Nellie Druillard—pioneer in education and hospital establishment.[1]


James White sighed.  The young man wouldn’t go away and wouldn’t take no for an answer.  He had even tried pawning him off on other people, but it was of no use.  Day after day he had taken his pesky guest on errands, but his company was draining.  As a last resort he gave his best pitch to Brother Godsmark.  Would he take the youngster into his home to help on his farm?  As soon as possible, when a tent, in as far out as a location as possible, was available, they could let the zealot preach away. 

Wonder of wonders, the Godsmarks agreed.  And before you knew it an opportunity arose for the man to prove his calling.  The sermon, however, was a disaster.  How to tell such an earnest soul that he was about as called as a corn stalk?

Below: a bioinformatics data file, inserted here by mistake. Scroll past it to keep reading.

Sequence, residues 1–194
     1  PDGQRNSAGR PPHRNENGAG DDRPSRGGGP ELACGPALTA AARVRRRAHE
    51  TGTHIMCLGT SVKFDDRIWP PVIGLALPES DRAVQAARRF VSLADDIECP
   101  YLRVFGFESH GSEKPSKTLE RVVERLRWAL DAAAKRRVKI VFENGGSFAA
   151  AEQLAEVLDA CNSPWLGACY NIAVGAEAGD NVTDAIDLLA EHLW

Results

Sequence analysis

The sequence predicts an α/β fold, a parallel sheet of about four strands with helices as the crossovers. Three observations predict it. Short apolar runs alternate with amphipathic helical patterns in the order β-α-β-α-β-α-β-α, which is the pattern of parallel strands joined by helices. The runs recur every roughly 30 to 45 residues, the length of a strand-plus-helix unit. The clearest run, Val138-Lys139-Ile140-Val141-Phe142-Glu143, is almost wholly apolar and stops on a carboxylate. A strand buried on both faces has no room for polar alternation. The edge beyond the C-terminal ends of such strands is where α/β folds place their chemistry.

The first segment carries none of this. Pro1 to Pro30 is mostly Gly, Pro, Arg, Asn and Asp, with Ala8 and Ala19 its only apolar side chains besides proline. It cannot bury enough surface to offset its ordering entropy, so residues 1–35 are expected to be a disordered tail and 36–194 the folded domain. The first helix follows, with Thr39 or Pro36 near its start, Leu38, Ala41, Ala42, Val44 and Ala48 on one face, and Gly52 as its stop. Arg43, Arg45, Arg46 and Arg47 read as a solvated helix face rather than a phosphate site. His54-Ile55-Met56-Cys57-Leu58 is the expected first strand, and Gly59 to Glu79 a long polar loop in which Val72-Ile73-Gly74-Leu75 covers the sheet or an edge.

Brother Godsmark was the one who broke it to him.  “Well, you say you are called to preach, but maybe you are called to preach in a non-traditional way…Like maybe a home preacher.  Yes, yes, you can personally visit people’s homes and preach to them face to face.  You’d still be sharing the gospel…”

Indefatigable, the young man didn’t take this suggestion as a rejection, but an opportunity.  He gathered up some Adventist literature, and set out to preach to the entire world, home by home, person by person, family by family.  Off he went, selling books door to door. 

His first week didn’t go well; he only earned 62 cents.  But taking apparent failure as wild success, the ambitious man urged the Review and Herald to publish a new book, and bought the first print run from his personal savings.

George Albert King—father of colporteuring.[2]